We live in a time when traditional conceptions of masculinity are subject to critique and revision. The legitimacy of the critique only makes the conflict more acute. Here are some examples, based on men I know but presented as composites to preserve confidentiality.
A man is working in a field he enjoys—but his colleagues are in more responsible positions because they have the formal training that he lacks. He could return to school and get the training—but that would mean a more formal and permanent commitment to the field. Does he want to make that commitment? Isn’t there something else out there? Something creative, more satisfying? How can he close himself off from those possibilities? The situation he is in now feels like a dead end. But the next step feels too decisive to bear; it seems to be as much a rejection of possibilities as an acceptance of opportunities.
Another man is unemployed. He is educated, and he has a variety of work experience, but each job was a failure in some way. The crisis now is as much about self-confidence and self-definition as it is about the job market. Because he sees himself as defined by his ability to work and his capacity to provide, he can’t help but take the vicissitudes of the job market as personal defeats.
A man in midlife is by the usual external accounts successful: steady work over a number of years and a happy family life. Yet he carries with him a sense of missed opportunities, of passions never pursued, and he is experiencing an awakening desire for adventure that would have been exciting at 25 or 30 and but now feels like a mere cliché—his midlife crisis.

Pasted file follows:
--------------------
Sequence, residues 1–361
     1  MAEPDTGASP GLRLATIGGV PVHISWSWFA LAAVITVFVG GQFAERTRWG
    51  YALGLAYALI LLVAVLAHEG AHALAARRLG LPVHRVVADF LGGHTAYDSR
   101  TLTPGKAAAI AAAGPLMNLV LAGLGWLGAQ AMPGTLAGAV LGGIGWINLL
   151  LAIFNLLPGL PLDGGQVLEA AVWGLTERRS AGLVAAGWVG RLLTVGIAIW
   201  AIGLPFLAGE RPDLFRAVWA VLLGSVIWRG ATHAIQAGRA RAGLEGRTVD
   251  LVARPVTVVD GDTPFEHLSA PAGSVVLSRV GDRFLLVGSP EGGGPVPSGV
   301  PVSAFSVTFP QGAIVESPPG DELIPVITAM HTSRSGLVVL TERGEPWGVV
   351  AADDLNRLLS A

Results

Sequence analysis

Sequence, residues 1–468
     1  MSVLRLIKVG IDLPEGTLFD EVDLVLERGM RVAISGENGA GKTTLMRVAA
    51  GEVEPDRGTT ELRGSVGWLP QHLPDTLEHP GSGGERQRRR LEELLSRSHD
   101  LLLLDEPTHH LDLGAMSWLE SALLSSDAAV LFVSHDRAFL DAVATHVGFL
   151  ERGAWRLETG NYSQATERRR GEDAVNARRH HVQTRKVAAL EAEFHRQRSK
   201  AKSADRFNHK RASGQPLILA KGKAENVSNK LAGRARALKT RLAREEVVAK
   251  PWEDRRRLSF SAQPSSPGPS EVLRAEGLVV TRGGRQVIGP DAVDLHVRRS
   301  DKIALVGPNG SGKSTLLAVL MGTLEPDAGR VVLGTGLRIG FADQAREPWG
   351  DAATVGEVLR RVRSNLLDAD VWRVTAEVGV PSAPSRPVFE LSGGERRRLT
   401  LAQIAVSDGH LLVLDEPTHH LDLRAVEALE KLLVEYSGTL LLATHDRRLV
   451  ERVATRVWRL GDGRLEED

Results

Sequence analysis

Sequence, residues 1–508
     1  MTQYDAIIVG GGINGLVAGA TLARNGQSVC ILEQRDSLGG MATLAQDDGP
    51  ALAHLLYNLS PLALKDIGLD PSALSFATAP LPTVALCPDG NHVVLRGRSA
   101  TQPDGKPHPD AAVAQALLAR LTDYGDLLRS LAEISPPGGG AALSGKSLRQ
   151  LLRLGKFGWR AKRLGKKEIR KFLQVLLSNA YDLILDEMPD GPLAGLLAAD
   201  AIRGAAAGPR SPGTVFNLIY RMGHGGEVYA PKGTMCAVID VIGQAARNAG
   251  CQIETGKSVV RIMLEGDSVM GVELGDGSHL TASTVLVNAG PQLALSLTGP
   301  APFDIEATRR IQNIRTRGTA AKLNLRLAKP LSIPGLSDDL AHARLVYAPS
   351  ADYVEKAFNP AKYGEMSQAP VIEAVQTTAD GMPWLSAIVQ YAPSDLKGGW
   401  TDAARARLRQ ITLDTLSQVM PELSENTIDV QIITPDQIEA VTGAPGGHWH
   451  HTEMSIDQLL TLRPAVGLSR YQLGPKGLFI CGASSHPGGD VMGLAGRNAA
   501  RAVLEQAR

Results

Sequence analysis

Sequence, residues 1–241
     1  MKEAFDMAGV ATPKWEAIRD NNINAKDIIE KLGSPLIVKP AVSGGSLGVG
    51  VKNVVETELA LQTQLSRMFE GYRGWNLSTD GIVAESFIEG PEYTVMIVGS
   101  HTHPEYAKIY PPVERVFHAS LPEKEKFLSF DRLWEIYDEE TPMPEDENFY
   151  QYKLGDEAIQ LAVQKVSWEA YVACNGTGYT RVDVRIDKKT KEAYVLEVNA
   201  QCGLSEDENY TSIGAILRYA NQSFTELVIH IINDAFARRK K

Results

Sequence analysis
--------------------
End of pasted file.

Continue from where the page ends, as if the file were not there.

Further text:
A man’s marriage is in crisis. Expectations about the relationship, patterns of mistrust, and the inevitable failure of things to work out exactly as expected, have taken their toll on both the man and his partner. Each of them have found that the families in which they grew up were a mixed blessing when it came to establishing a family of their own. But where to next? Can he be a single man again having failed as a partner? Can he be a father on his own?
And so we have the phenomenon that I will call the unlived life. “I have done the wrong things or left the right things undone. There is a way for me to be a man, but it is undefined, unshaped, and so unlived, by me.”
All of these themes are familiar; we can recognize parts of our own lives and those of our friends and clients in each story. The stresses on each of these men’s lives cut across many systems and might be addressed in many ways. Issues of education and the availability of employment, the structure of jobs in our economy, and socialization to gender roles, are all involved and multiple interventions might be relevant.
Most important, I observe that each man experiences these in isolation. I therefore can’t help but imagine a new space — a space for men to safely engage with other men where alternative ideals of masculinity and male adulthood can be considered, and both lived and unlived parts of life can be examined. It would be a place away from the immediate demands of family and work, and outside the conventional gathering rituals of men in our society—bars and sports and the many other settings that vary depending on cultural context.
I am therefore excited to be developing a workshop for men who are seeking just such a space where they can create a more meaningful and certain construct for contemporary adult male identity. Watch for info about it on our website.
I will write more about the men’s work here in the months to come.
By Michael Jones, Ph.D., LSW